Kate Bunina, the managing director of the program, emphasized how unique the program is because of the mentors and speakers it involves: “It’s very important that founders can get a feel for the Silicon Valley culture and environment. We can’t fly every founder to Silicon Valley so programs such as ours allow founders to get connection and exposure to top Silicon Valley leaders and a feel for the pace and scale that is possible and expected there. We’re excited to take ambitious founders and give them even more ambitious goals and dreams. Really there is no place in the world like Silicon Valley for dreaming big, and we’re so proud of giving our founders a dose of this.”

Companies involved were varied but all had potential to scale into markets beyond Georgia. The initial training phase in fall was followed by a longer phase where project ‘sherpas’ help founders travel farther faster and give them unique insights and connections, with the total program supporting founders over six months touching on a variety of topics.

This collaboration between US Market Access Center and Startup Grind Tbilisi was not the first; Georgian startup Phubber gained their first investor at an event US Market Access Center hosted in Silicon Valley with Startup Grind as partner.

Startup Grind director Gio Tukhashvili invited Eugene Fooksman, an early core team member at Whatsapp, to attend the event and he and Phubber connected, resulting in a first $100,000 check to Phubber and 9 months later another for $300,000 at double the valuation.

Project manager at bioms Nano Fertilizers Laboratory Maka Tsertsvadze
This US acceleration program Phubber took part in was also funded by the USAID Economic Security Program and implemented by the US Market Access Center.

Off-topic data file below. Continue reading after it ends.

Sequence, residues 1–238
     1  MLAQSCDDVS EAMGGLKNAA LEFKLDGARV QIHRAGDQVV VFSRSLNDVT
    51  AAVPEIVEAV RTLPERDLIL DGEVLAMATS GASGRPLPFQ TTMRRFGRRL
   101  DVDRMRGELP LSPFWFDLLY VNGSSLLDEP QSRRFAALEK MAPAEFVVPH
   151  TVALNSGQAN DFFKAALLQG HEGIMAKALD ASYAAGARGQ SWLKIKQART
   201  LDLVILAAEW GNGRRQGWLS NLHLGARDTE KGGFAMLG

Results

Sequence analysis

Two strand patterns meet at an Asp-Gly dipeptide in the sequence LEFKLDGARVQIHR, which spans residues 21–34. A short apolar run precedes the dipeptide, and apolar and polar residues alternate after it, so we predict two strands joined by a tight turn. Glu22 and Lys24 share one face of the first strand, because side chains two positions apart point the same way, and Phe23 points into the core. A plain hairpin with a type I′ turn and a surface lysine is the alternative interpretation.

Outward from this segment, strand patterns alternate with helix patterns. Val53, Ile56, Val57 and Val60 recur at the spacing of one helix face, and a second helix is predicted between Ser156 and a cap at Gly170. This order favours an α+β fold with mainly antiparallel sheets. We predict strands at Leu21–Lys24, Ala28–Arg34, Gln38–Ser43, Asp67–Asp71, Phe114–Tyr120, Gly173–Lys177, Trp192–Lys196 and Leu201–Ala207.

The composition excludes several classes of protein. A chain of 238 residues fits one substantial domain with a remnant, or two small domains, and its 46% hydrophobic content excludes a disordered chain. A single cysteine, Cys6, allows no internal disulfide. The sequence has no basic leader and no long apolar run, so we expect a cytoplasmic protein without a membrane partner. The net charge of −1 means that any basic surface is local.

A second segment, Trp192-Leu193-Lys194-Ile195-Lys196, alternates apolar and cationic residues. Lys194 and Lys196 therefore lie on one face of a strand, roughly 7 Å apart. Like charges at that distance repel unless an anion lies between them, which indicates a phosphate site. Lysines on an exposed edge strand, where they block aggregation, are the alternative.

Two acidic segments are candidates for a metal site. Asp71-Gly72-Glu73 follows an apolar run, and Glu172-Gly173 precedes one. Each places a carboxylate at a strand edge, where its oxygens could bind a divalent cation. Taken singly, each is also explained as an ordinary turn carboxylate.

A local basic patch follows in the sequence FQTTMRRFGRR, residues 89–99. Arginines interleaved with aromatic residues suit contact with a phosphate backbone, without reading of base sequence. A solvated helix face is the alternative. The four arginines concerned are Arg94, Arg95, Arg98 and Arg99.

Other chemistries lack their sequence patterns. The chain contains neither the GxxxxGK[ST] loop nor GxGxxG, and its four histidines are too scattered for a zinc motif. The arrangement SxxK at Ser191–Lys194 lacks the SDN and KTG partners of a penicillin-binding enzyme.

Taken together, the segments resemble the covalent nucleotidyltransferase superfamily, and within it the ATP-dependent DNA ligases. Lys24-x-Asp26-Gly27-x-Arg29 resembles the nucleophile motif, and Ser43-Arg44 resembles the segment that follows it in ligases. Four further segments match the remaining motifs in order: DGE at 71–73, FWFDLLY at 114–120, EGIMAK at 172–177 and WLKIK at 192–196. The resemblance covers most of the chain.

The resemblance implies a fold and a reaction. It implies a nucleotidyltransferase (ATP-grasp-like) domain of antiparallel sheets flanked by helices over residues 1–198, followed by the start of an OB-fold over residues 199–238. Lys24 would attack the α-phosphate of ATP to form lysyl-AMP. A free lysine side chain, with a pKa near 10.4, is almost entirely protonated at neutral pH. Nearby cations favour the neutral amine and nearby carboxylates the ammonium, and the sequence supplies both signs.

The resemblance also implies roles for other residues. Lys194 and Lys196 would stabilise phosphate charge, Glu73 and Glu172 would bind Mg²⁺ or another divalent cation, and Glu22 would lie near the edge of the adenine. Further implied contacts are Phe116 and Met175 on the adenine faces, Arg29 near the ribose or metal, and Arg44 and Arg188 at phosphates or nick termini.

The Georgian Women in Tech program is a first step for US Market Access Center doing ‘on the ground’ programs in Georgia; GWIT director Kate Bunina and the US MAC co-founder Chris Burry have recently moved to Georgia.

“I’m very excited that Georgia has captured the interest of such a strong institution as US Market Access Center”, says Colin Donohue, Director of Startup Grind Tbilisi, “They have worked with literally thousands of startups in dozens of countries around the world. Having them basing a team here is an amazing signal validating Georgia’s startup efforts. Many places can have startup organizations come in on a ‘pay to play’ basis but they leave when the project funding finishes. USMAC making a commitment to Georgia independent of any big contract or funding is an exciting signal. GWIT is a great step in sharing their experience and we look forward to exploring how we can collaborate to build a strong startup ecosystem here overall”.

The next Georgian Women in Tech cohort will begin July 2021. More information about the program can be found here: https://www.georgianwomenintech.com

Bizon is a marketplace for the sale and rental of construction and agricultural equipment. Given many companies and farms need equipment they don’t have capital to purchase themselves, Bizon unlocks the opportunity to get important work done via rental without undue capital cost.
Bioms Nano Fertilizers is a startup taking the research from a female researcher and putting it onto the market with advanced organic fertilizers which don’t just fertilize but also build soil and enhance disease resistance.
Shenia makes customized children’s books using the child’s name and teaching socially-beneficial values.
Pulsar AI is developing ‘conversational AI’ for auto dealerships, allowing car buyers with questions about car’s features to be served by a bot which learns from big data and can relevantly answer questions. Pulsar operates in the US market and just secured their 50th auto dealership as a customer.